Chinese ambassador lodges representations about Obama-Dalai meeting

by Jason Lee on February 22, 2014

WASHINGTON – Chinese Ambassador Cui Tiankai made solemn representations to the US government on Friday about President Barack Obama’s meeting with the Dalai Lama, urging Washington to immediately take effective measures to correct this mistake.

Tibet is an inseparable part of the Chinese territory and the Tibet issue is a pure domestic affair of China, Cui stressed.

He criticized the US government for severely interfering in China’s domestic affair, breaking its promise not to support “Tibet independence,” violating the basic norms governing international relations and damaging the China-US relations by arranging the Obama-Dalai meeting that has aroused China’s strong indignation and firm opposition.

Defying China’s protests, Obama held a closed-door meeting with the Dalai Lama at the White House Friday morning.

Obama reaffirmed that his country recognizes Tibet as part of China and does not support “Tibet independence,” while urging China and the Dalai Lama to resume direct dialogue to resolve their long-standing differences.

Cui stressed that showing respect to each other’s core interests and major concerns is key to ensuring the sound and steady development of the China-US relations.

He strongly urged the US side to seriously consider China’s stance, and immediately take effective measures to offset the negative influence.

The Chinese diplomat also demanded Washington stop interfering in China’s internal affairs by making use of Tibet-related issues, and stop conniving at and supporting anti-China secessionist activities made by the Dalai Lama and his followers.

Speaking to Chinese-language media, Cui dismissed as “self-deceiving” the US claim that the Dalai Lama was regarded as “an internationally respected religious and cultural leader,” because Washington knows well the true colors of the Tibetan monk.

China holds that the Dalai Lama is in nature a political exile who has been engaged in secessionist activities under the cloak of religion and firmly opposes any foreign leader’s meeting with him in any form.

The Obama-Dalai meeting only causes troubles for the United States itself, which would definitely undermine its own interests, Cui warned, urging Washington to immediately take concrete actions to regain the trust of the Chinese government and people.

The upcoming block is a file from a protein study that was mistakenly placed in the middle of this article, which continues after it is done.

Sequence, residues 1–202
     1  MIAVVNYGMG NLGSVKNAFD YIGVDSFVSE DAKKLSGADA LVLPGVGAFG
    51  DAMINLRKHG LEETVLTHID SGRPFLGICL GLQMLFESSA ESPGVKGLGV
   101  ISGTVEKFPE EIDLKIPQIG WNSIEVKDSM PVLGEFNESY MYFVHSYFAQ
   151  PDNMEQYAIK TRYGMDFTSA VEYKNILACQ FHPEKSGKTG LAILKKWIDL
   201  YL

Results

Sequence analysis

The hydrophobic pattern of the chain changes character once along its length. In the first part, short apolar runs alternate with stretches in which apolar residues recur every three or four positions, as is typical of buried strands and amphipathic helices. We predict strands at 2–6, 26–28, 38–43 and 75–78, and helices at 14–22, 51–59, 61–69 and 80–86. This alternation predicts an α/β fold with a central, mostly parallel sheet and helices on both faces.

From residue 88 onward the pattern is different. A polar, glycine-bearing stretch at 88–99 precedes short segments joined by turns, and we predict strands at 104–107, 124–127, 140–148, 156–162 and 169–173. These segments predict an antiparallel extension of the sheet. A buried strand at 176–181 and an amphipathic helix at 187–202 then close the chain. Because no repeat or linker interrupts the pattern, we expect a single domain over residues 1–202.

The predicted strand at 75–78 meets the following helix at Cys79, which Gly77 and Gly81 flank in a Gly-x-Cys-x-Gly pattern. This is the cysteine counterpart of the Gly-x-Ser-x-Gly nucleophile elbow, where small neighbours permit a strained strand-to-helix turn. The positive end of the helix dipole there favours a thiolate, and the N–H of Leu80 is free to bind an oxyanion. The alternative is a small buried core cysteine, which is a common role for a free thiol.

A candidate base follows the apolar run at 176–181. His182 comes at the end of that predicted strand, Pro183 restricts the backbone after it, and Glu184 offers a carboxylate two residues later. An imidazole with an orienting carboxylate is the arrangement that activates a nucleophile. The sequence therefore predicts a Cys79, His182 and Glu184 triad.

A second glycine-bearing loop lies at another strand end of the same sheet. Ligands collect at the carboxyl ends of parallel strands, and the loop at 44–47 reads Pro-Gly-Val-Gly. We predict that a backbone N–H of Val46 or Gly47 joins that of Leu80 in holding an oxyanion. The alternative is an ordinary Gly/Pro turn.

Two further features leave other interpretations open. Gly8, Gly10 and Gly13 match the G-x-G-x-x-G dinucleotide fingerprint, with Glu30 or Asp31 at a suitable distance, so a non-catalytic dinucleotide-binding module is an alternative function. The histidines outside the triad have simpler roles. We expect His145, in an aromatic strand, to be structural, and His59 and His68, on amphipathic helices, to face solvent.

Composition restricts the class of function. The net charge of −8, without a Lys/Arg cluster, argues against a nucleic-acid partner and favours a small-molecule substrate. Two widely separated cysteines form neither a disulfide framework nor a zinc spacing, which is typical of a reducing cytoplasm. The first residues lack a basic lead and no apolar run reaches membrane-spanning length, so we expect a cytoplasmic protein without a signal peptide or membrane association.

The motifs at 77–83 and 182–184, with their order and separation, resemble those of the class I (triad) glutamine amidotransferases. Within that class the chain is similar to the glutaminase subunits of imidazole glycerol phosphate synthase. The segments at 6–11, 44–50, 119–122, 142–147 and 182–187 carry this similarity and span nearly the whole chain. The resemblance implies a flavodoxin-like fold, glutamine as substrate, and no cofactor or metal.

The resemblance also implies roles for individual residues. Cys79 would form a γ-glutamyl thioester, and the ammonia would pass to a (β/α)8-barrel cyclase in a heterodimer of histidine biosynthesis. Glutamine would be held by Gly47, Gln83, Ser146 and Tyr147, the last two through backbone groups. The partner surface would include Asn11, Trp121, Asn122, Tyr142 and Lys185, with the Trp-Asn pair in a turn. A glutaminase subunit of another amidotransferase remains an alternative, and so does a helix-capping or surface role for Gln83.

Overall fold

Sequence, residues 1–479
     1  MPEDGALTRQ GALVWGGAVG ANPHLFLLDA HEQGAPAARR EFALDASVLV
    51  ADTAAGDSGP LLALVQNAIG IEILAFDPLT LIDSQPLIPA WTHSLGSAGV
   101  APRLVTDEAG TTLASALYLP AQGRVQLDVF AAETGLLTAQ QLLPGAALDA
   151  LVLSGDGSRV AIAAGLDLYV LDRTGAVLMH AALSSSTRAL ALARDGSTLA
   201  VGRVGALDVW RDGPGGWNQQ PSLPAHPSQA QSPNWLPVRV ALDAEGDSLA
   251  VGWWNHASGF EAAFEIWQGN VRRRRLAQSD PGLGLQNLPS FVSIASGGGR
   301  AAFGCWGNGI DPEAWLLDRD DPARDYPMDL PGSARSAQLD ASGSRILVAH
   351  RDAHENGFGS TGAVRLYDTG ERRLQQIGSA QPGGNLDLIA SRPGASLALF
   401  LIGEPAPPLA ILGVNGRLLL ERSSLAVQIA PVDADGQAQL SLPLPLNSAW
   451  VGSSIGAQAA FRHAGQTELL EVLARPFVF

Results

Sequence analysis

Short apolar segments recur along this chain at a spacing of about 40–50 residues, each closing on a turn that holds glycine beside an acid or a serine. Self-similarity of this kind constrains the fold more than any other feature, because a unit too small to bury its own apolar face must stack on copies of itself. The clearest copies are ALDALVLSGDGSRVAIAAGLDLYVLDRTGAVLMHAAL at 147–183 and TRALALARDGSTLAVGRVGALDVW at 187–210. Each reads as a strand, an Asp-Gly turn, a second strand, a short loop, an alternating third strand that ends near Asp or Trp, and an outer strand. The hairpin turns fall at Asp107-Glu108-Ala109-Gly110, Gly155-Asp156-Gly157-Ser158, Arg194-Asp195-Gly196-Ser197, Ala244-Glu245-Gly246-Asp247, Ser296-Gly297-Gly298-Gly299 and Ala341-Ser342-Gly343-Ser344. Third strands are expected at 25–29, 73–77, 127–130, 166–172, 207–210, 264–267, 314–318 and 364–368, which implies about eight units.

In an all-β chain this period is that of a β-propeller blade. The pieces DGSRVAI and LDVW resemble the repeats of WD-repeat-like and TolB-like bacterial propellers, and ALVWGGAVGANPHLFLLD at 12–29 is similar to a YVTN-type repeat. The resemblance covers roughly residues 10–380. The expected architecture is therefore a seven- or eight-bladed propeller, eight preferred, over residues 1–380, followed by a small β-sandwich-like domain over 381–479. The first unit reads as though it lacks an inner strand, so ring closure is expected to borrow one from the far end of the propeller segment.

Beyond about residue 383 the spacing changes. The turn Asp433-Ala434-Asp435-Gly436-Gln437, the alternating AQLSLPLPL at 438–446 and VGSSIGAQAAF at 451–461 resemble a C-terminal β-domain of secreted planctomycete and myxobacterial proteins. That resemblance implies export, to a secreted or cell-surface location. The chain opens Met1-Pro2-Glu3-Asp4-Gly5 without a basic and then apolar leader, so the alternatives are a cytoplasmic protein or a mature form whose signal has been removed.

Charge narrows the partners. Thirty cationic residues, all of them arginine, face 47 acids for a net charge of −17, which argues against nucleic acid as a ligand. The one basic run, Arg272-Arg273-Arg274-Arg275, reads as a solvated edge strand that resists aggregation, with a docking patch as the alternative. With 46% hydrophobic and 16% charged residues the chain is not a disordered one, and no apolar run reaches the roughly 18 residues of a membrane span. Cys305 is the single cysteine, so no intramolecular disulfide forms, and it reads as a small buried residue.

Obama-Dalai meeting hurts Sino-US ties

By Wang Hui

China was fully justified to express strong indignation as well as lodge strong representation over US President Barack Obama’s meeting with the Dalai Lama on Friday. It warned the move would be a gross interference into China’s internal affairs before the meeting. By going his own way on the Tibet issue, Obama is shaking the very premise of the mutual trust between the two countries. Hence, Washington should be held solely responsible for the damage the meeting incurred on China-US relations.

Obama’s meeting, his third with the Dalai Lama, time again exposes a political drama the presidents of both parties in the US have been playing for years: While claiming that the US recognizes Tibet as part of China and does not support “Tibet independence”, they met the Dalai Lama, the chief head of the secessionist group seeking “Tibet independence”, under various excuses.

It would be wrong if the US calculates that by repeatedly testing China’s bottom line on the Tibet issue China would accept the US president’s meeting with Dalai Lama as a normal practice. Beijing will never back off from its stance that the Tibet issue is an important issue concerning the principles of maintaining China’s unification while opposing secession.

With more and more people in the world arena seeing through the Dalai Lama’s religious disguise, the US allegation that it views him as a cultural and religious figure sounds increasingly ironic. It is just a pretest the US has used to interfere into China’s internal affairs.

In recent years, both Beijing and Washington have been putting a lot of efforts to better manage their relationship and steer it onto a more stable terrain. Yet, the world’s most important pair of nation-to-nation ties is unable to break the undesirable circle of ups and downs due to the fact that the US has more often than not acted in disregard of China’s core interests and major concerns. Each time, the US president’s meeting with the Dalai Lama would throw bilateral ties off balance and trigger diplomatic and political tensions between the two sides.

This year marks the 35th anniversary of the founding of diplomatic relations between China and the US, which presents a good opportunity for both countries to review the past and forging more substantial and meaningful cooperation between them. Friday’s meeting has definitely contaminated the atmosphere for both sides to work towards that direction.

China-US relations not only concern the interests of the two peoples but also have international significance. Washington should be told that any mishandling of sensitive issues between them, the Tibet issue included, would produce negative impact on both bilateral ties and the world at large.

The ball is now in the court of the US’ side. It must take the responsibility to quell the repercussions brought up by Obama’s meeting with the Dalai Lama. It must take concrete actions to regain trust of the Chinese government and the people.





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